Nov. 19 (Bloomberg) -- Former Washington Mayor Marion Barry was forced out of office when he was caught using cocaine, while former U.S. Congressman Anthony Weiner stepped down after sending lewd photos of himself to women.
Toronto Mayor Rob Ford? He’s not going anywhere, even after he admitted smoking crack cocaine and staff members told police he guzzled vodka in his car and brought suspected prostitutes back to his office.
Toronto City Council yesterday reduced the mayor’s budget while shifting much of his power to Deputy Mayor Norm Kelly, who becomes head of the executive committee that makes recommendations on strategy and budgeting. The mayor was stripped last week of his power to appoint committee heads.
Ford says he’s determined to ride out the storm, unlike other North American lawmakers who quit or were ousted for similar scandals involving sex, drugs and booze.
“You think American-style politics is nasty?” Ford said minutes before the final vote was called yesterday. “This is going to be outright war.”
“Often people who are caught will resign before facing any of the consequences, but that presumes someone’s sense of shame is fairly high,” Scott Basinger, a professor at the University of Houston specializing in political scandal and corruption, said in a phone interview Nov. 15. “That doesn’t seem to be the case in Toronto.”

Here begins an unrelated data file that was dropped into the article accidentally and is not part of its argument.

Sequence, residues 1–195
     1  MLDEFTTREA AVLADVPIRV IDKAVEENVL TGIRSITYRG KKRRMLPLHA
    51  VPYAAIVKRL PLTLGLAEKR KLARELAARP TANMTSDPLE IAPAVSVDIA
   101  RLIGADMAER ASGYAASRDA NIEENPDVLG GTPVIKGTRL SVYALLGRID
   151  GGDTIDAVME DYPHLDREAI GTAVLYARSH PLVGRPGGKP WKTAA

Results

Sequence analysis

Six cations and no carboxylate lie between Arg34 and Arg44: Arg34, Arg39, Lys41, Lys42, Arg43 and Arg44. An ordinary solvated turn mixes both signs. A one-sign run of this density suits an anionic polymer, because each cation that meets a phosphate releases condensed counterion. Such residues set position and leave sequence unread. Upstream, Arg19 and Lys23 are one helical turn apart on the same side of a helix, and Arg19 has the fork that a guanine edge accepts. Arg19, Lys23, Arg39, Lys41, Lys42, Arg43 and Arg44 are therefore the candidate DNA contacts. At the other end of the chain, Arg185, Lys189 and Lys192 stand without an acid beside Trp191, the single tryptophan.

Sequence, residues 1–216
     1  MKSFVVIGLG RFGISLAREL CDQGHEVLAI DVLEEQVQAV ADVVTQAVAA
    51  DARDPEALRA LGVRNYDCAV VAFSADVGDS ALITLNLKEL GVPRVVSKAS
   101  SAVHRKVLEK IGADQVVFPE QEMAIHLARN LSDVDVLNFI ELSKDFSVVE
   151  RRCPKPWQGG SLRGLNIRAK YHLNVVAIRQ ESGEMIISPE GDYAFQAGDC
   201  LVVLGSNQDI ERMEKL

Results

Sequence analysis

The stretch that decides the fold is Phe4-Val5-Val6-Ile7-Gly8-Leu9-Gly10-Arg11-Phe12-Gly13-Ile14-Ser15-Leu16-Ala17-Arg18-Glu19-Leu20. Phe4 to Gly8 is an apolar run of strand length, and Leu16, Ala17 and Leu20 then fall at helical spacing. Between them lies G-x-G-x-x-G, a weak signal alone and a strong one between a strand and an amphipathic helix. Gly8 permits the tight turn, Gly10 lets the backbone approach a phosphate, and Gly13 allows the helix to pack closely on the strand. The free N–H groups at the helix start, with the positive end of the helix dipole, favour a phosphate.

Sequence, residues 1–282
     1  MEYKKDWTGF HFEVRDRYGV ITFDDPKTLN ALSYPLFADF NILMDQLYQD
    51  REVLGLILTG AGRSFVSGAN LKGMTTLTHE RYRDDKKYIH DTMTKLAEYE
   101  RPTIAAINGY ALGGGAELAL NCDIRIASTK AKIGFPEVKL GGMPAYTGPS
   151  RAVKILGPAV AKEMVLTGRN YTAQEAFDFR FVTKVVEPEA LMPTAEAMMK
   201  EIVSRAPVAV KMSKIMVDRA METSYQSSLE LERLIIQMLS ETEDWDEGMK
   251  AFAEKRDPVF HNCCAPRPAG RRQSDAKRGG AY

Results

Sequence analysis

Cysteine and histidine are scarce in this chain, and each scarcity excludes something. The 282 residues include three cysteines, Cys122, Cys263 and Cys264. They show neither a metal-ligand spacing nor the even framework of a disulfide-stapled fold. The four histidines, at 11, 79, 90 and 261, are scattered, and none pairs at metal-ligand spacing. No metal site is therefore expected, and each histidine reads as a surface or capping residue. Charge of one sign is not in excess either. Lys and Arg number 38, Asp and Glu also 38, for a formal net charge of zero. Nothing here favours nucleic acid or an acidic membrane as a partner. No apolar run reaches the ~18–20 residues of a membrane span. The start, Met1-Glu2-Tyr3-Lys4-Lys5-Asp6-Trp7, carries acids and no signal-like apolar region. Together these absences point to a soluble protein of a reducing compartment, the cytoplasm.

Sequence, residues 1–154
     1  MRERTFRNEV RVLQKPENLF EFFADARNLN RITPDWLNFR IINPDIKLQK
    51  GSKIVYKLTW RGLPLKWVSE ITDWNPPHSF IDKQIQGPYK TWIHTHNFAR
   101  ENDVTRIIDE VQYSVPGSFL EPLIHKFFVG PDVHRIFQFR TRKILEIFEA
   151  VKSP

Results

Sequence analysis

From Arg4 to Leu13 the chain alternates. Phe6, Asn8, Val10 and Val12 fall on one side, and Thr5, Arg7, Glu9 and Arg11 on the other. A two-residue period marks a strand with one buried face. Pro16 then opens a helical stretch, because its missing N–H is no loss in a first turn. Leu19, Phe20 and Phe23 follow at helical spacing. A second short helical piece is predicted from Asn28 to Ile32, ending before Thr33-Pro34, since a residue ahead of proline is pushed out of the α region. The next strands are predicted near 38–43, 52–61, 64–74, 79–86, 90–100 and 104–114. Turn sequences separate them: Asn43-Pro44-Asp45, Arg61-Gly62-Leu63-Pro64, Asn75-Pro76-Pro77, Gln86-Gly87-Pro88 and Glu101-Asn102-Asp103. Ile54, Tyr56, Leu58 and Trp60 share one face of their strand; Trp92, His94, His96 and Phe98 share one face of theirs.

Canada’s biggest city, nicknamed “Toronto the Good” for a Puritanical streak that lasted well into the 20th century after a Victorian-era drive to curb saloons and “sinful” Sunday shopping, is six months into the Ford controversy. It shows no sign of ending.
“This is absolutely an unprecedented situation,” John Mascarin, a municipal lawyer and partner at Toronto Aird & Berlis LLP, said in a Nov. 15 phone interview. “He’s going to be a lame duck until the next election if he doesn’t step down. They’ll try to ignore him and he’ll keep trying to do what he can do.”
So far this month, the mayor admitted he smoked crack cocaine, purchased illegal drugs and may have driven after drinking. Former staffers told police Ford brought a woman they thought was a prostitute to his office, sexually propositioned a female staff member, guzzled an 11-or 12-ounce bottle of vodka in his car and made a racial slur to a taxi driver, according to documents released by an Ontario court Nov. 13.
Ford’s indiscretions fall somewhere between Barry and former U.S. President Bill Clinton, Jonathan Mendilow, chairman of the political science department at Rider University in New Jersey, said Nov. 15. Barry went to prison after being videotaped in 1990 smoking crack cocaine in a hotel room. Clinton was impeached by the U.S. House of Representatives for lying about his relationship with intern Monica Lewinsky, though he was later acquitted by the Senate.
In Ford’s case, like “Clinton with Lewinsky, it wasn’t a subject automatically related to his performance as president,” Mendilow said.
Other politicians have run into personal trouble. Former South Carolina Governor Mark Sanford said he was hiking the Appalachian Trail as a cover up for his affair with an Argentine woman. Weiner resigned from Congress in 2011 after admitting he sent lewd photos of himself to several women via Twitter.